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William Schouler, A history of Massachusetts in the Civil War: Volume 2 1,245 1,245 Browse Search
Harper's Encyclopedia of United States History (ed. Benson Lossing) 666 666 Browse Search
Thomas Wentworth Higginson, Massachusetts in the Army and Navy during the war of 1861-1865, vol. 2 260 260 Browse Search
Brigadier-General Ellison Capers, Confederate Military History, a library of Confederate States Military History: Volume 5, South Carolina (ed. Clement Anselm Evans) 197 197 Browse Search
George P. Rowell and Company's American Newspaper Directory, containing accurate lists of all the newspapers and periodicals published in the United States and territories, and the dominion of Canada, and British Colonies of North America., together with a description of the towns and cities in which they are published. (ed. George P. Rowell and company) 190 190 Browse Search
Robert Underwood Johnson, Clarence Clough Buell, Battles and Leaders of the Civil War: The Opening Battles. Volume 1. 93 93 Browse Search
The Photographic History of The Civil War: in ten volumes, Thousands of Scenes Photographed 1861-65, with Text by many Special Authorities, Volume 8: Soldier Life and Secret Service. (ed. Francis Trevelyan Miller) 88 88 Browse Search
Southern Historical Society Papers, Volume 30. (ed. Reverend J. William Jones) 82 82 Browse Search
Benson J. Lossing, Pictorial Field Book of the Civil War. Volume 1. 79 79 Browse Search
Hon. J. L. M. Curry , LL.D., William Robertson Garrett , A. M. , Ph.D., Confederate Military History, a library of Confederate States Military History: Volume 1.1, Legal Justification of the South in secession, The South as a factor in the territorial expansion of the United States (ed. Clement Anselm Evans) 75 75 Browse Search
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Browsing named entities in John Dimitry , A. M., Confederate Military History, a library of Confederate States Military History: Volume 10.1, Louisiana (ed. Clement Anselm Evans). You can also browse the collection for 1861 AD or search for 1861 AD in all documents.

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the seceding States would go far to secure, through co-operation, the full success of the movement. Gov. T. O. Moore, as one of the most important factors of 1860-61, merits a good word. He proved a safe and careful pilot of the State through the troubled waters of secession. During his term, he was never quite out of sight ofers New Orleans had turned into a garrison town. In the Second district appeared the Orleans Guards, The Orleans Guards may boast that, among its privates in 1861, one was G. T. Beauregard. organized by the old members of the company bearing that name, once famous among that militia of which New Orleans has always been deserod humor which belongs to the season. Every one, whether at home or on the street, seemed to put a jovial face on the ugly mask of doubt. With the beginning of 1861 those citizens in favor of united Southern action seemed suddenly to have all the noise to themselves. A mass meeting, called by them for January 2d, was address
te, the only surviving captain of that guard so famous in the past, and on either hand of Maunsel White Anthony Fernandez and M. M. Barnett, Sr., two of the oldest fighters of 1814-15, still hale and hearty. In front of the veterans could be noted their flag which Chalmette saw—or rather what remained of it—a bare pole with stripes of tattered silk. The white veterans were followed by their brethrenin-arms, the colored veterans of Chalmette. Jordan Noble, once drummer-boy at Chalmette—in 1861 old Jordan for the city and State—is among them. Upon these last the spectators gaze in that silence which, accorded to the worthy, is respect. They raise their hats as the latter pass. The parade of the troops on Washington's birthday was a triumph in the appearance and in the number of the men. The Picayune of the 23d placed the number at 8,000, observing in connection with the day: May the custom, now revived, of paying honor to the birthday of Washington, be one of everlasting obser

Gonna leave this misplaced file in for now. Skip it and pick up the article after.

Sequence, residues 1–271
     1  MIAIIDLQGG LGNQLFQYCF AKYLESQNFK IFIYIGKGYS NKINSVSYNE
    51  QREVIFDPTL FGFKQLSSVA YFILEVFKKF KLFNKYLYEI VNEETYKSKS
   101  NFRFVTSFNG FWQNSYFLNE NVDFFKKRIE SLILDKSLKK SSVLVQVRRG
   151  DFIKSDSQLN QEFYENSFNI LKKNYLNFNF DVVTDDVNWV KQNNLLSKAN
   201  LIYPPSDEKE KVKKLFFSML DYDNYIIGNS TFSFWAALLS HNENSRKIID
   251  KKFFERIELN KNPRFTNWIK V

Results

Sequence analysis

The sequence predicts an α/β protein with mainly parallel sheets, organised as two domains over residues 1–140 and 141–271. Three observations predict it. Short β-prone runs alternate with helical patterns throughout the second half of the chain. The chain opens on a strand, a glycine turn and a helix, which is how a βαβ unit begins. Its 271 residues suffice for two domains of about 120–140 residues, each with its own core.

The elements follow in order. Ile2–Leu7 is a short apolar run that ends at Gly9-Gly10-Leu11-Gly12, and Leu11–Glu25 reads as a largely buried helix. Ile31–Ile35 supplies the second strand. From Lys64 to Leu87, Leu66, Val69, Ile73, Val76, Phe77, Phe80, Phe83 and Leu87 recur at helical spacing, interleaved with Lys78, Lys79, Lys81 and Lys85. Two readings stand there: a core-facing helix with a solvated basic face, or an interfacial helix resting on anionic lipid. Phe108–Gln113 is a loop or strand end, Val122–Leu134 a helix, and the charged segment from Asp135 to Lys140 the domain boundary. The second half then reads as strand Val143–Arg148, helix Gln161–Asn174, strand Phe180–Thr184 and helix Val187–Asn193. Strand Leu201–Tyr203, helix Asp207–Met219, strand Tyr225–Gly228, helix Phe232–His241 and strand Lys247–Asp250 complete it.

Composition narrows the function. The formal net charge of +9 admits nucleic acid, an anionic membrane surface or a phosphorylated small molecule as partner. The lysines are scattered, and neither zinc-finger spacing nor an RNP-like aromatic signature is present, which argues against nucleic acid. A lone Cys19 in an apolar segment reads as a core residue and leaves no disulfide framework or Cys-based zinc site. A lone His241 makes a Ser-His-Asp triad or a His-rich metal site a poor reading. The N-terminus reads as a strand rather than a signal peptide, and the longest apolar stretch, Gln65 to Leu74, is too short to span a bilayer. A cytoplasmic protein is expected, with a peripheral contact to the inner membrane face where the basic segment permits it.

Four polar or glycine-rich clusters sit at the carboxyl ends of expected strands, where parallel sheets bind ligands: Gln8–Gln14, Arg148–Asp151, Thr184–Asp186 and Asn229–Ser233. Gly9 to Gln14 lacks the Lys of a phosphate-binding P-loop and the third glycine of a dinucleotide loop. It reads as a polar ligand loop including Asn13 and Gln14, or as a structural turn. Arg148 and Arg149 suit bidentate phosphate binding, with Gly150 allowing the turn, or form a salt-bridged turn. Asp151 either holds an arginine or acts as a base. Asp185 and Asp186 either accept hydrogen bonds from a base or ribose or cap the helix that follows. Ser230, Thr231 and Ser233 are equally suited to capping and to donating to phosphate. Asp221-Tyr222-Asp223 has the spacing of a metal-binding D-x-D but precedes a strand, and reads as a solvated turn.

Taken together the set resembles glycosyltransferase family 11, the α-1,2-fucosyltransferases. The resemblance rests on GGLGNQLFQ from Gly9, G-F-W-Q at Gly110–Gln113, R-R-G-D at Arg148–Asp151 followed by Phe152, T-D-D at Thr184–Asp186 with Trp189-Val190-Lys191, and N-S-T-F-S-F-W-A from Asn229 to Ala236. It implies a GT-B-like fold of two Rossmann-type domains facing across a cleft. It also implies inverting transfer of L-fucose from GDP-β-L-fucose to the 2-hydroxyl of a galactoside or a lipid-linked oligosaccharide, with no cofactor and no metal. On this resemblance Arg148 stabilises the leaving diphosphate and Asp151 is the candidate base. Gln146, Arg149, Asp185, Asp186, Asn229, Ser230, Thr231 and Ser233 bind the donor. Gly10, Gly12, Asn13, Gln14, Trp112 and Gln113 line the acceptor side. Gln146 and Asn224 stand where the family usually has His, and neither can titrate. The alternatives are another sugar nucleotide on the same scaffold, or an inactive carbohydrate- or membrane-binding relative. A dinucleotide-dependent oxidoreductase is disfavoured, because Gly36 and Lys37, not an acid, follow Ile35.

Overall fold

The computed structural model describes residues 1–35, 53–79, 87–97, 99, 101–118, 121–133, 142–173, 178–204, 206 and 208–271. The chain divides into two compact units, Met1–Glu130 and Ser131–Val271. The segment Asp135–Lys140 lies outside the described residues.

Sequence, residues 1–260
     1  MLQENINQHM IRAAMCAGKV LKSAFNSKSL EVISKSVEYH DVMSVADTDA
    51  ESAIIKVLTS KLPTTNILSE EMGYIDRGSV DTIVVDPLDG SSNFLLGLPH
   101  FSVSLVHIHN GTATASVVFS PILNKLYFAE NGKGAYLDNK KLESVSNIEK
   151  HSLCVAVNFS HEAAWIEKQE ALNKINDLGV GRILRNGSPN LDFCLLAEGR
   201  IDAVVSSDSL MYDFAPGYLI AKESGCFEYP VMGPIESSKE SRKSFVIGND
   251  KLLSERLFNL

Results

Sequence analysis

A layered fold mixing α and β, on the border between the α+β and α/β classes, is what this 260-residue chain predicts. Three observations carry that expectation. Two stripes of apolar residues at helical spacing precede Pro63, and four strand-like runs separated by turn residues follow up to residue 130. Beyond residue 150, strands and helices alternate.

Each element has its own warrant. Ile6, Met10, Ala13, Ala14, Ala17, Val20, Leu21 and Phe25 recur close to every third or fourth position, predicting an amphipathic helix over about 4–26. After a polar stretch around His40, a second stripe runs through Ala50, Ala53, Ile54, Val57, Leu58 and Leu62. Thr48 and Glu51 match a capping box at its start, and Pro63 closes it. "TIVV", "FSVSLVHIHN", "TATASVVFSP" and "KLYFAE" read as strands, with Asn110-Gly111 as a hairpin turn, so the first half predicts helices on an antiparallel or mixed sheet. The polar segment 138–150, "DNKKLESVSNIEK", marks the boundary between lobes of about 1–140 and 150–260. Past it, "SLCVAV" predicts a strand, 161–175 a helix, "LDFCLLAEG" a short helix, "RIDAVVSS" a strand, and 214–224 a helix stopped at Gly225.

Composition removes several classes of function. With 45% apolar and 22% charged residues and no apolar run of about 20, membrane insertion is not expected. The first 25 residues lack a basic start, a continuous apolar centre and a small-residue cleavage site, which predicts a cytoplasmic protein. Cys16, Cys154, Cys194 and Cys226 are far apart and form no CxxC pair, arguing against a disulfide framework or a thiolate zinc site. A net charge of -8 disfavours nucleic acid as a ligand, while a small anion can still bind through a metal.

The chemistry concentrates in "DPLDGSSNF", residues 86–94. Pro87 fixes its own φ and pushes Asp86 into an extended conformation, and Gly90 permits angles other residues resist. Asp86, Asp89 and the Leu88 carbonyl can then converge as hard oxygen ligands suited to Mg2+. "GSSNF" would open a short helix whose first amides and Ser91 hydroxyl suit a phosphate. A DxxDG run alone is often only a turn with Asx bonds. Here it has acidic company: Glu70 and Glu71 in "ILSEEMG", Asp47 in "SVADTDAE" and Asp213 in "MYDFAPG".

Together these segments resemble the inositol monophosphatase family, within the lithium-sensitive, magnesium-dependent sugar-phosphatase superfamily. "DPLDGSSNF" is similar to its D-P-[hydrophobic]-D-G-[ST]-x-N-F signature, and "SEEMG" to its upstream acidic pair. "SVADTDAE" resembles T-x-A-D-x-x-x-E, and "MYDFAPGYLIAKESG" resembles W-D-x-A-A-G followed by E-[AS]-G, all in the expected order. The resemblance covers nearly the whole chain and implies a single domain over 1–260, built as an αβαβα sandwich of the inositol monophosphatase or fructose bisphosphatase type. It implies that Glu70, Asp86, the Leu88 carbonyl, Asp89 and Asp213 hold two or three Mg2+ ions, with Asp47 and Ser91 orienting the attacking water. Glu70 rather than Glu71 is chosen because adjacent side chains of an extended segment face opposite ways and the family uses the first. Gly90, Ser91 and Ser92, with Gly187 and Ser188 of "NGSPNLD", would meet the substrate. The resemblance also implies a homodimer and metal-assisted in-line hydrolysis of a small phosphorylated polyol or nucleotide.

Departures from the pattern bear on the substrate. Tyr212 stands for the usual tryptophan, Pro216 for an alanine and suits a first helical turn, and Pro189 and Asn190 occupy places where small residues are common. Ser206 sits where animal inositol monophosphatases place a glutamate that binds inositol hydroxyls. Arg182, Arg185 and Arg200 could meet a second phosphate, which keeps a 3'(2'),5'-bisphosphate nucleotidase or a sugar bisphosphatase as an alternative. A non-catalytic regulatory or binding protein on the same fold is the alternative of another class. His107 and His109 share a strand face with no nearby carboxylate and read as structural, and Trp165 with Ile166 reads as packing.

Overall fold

e. Can spare no guns yet, but hope to do so soon. G. T. Beauregard. This correspondence makes it certain that the first spurs had been conceded to a Louisianian. The Louisiana battalion next saw service in Virginia It was in the summer of 1861 that the command became a part of that wonderful campaign so long conducted with inadequate forces by Gen. John B. Magruder. High praise is due to this campaign, by which that eccentric officer, through marvelous marches up and down, mystified th The tents, from being resting places from drill, were made pleasant with the dulcet tones of the girls of Virginia who came to bring sunshine into that shady place. For our soldiers, this welcome, so charmingly given, seemed to make Richmond in 1861– 65, from a city clad in armor—imperiously, by reason of her stress, demanding lives—turn into a Capua, in festive robes, claiming only social pleasures. Some of the Louisiana regiments found their way from Richmond and its delights to the Peni<
ng her on fire; this sacrifice to be made after General Mouton had fallen back. Thus again was it done to another Confederate vessel. It mattered nothing that the Diana had but lately joined the Confederate sisterhood. Another vessel, the Confederate gunboat Stevens, was to be sunk by its commander—unfinished condition — the enemy near—unfit for action—absence of guns—so ran the Stevens' report. This law of destruction was inexorable on the Mississippi and all its outlying bayous, between 1861 and 1865. The retreat continued undisturbed. The rear guard, under Colonel Green, varied occasional skirmishes with the enemy with frequent dashes upon the pursuers, and thus arrived at Vermilion bayou. As soon as his whole train and forces had safely crossed the bayou, Taylor had the bridge burned. Then, having planted artillery on the heights and sharpshooters on the right of his line, along the upper banks, he allowed the troops and teams to rest from Thursday afternoon to midday